A prospective adoptive mother examines her past and her conscience prior to embarking on her parental journey.
Molly and her husband, Aidan, involuntarily childless attorneys in San Diego, are going through the fraught process of qualifying to adopt. Molly, 38, has a degree of trepidation about how “open” this adoption is expected to be: is the birth mother, Sienna, expecting to be part of her child’s life in perpetuity? Molly’s misgivings are understandable; she herself is the product of a family in which her birth mother, Amalia, lived close by, and she witnessed the discomfort such proximity created for her adoptive mother, Nora. Molly has not told her husband why she's now estranged from both Amalia, who's dying, and Nora—in fact, she's told him almost nothing about her past. The present narrative is interspersed with chapters flashing back 24 years to Morrison Ridge, a large tract of family-owned land in the wooded hills near Asheville, North Carolina: Molly is 14, living with her mother, Nora, and her father, Graham, a psychotherapist who has invented a new behavioral regimen, “Pretend Therapy.” Multiple sclerosis has left Graham paralyzed from the neck down. Molly is a bookish, precocious teen who types Graham’s manuscripts and accompanies him on book tours. However when she falls under the influence of a classmate, Stacy, who introduces her to older boys, the plot takes a major detour through teen-novel territory: Molly’s main preoccupation, enabled by a Judy Blume novel no less, is now losing her virginity. In the meantime, Graham and his relatives are wrangling over the fate of the Ridge: one faction wants to sell to a developer while others, including Molly’s grandmother and Graham, want to keep the land pristine. While the family argues and Molly’s hormones run wild, something else is going on that will make for the explosive revelation at novel’s end.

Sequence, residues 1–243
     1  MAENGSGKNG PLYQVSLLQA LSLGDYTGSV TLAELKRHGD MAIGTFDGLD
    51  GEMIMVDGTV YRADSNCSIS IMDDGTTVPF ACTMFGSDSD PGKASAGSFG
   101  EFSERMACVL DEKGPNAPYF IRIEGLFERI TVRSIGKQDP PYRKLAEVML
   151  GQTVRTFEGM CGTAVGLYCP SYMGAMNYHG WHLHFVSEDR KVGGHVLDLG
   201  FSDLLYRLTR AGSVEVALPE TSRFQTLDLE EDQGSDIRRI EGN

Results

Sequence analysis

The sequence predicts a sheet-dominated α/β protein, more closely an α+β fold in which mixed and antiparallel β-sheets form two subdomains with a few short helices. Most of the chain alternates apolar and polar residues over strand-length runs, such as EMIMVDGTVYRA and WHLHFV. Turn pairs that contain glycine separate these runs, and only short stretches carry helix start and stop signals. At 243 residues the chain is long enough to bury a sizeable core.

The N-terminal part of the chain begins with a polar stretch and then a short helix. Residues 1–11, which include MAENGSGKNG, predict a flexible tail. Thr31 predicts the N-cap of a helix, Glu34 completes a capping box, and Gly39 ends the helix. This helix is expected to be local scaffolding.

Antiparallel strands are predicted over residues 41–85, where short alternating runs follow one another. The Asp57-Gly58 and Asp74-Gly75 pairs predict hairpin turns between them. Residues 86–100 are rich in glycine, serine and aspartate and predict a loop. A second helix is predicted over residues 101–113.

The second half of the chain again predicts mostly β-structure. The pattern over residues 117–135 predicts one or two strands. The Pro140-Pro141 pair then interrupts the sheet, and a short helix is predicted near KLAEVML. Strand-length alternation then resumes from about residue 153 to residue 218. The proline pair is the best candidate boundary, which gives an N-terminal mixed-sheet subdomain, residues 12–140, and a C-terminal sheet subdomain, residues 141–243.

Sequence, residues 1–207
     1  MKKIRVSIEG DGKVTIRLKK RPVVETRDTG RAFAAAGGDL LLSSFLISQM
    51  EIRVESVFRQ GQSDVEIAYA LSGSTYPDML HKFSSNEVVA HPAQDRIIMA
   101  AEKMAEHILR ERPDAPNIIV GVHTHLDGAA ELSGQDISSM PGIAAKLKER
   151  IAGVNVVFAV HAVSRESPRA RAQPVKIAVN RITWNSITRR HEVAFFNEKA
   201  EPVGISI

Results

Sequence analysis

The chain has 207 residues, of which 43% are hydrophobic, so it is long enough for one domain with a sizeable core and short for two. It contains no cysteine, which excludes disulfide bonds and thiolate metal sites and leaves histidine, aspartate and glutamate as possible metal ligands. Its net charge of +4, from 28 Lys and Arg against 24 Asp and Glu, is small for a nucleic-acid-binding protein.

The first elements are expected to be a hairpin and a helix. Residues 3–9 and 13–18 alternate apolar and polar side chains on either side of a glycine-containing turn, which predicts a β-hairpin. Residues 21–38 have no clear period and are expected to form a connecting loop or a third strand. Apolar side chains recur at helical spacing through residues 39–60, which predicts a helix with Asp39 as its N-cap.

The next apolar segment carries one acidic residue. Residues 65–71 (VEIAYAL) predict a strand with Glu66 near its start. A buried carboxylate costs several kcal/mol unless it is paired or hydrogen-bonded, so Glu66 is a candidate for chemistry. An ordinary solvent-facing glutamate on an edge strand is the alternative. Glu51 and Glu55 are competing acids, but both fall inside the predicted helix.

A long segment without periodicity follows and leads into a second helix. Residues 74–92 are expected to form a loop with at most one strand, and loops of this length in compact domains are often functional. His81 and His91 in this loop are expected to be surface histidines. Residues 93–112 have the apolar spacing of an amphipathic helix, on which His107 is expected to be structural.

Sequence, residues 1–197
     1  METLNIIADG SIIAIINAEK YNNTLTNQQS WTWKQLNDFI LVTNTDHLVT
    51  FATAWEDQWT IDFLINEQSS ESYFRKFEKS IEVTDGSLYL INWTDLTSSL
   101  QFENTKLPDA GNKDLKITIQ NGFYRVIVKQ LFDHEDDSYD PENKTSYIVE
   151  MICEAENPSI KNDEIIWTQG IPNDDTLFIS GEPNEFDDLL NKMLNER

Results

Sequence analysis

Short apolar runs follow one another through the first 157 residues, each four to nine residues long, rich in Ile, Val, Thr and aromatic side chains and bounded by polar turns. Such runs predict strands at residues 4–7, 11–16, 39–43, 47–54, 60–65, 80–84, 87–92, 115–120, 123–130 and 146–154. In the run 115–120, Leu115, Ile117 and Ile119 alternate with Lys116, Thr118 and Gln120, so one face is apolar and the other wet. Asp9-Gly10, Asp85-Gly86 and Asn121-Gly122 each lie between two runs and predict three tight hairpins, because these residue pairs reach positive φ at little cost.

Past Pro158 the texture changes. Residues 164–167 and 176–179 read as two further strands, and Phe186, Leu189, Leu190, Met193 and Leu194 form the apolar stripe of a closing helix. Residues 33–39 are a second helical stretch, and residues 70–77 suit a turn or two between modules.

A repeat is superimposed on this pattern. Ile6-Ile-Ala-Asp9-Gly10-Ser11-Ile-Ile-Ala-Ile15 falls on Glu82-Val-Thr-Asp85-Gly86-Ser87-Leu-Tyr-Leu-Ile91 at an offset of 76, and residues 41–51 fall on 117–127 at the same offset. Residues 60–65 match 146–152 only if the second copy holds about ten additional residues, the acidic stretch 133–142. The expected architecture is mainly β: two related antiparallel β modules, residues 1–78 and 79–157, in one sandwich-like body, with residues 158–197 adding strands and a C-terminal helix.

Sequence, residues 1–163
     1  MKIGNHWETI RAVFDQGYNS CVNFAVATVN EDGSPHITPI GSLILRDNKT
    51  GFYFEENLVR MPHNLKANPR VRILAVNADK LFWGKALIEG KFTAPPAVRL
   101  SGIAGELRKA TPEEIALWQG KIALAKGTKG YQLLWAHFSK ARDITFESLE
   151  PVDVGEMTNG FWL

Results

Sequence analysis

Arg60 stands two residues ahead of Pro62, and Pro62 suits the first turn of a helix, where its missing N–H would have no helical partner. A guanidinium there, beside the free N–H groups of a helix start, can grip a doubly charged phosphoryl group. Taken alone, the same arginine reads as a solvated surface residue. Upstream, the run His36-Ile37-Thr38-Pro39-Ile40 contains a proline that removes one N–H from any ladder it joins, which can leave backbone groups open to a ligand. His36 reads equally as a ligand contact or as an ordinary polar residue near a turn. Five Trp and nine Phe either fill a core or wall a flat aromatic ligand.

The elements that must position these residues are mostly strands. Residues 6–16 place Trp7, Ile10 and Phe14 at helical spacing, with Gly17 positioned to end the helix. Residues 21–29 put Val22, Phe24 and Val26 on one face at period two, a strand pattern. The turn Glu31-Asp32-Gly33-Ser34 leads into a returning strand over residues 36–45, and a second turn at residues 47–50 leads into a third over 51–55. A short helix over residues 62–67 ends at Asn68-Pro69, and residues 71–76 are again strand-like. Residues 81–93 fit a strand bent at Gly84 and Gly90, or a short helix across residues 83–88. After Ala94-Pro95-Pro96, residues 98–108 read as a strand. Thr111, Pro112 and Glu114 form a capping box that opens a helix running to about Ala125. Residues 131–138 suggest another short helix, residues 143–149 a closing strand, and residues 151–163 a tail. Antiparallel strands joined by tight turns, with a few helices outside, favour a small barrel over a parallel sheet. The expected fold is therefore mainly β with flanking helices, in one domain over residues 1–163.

Marred by excessive sentimentality and superfluous exposition that dilutes the drama.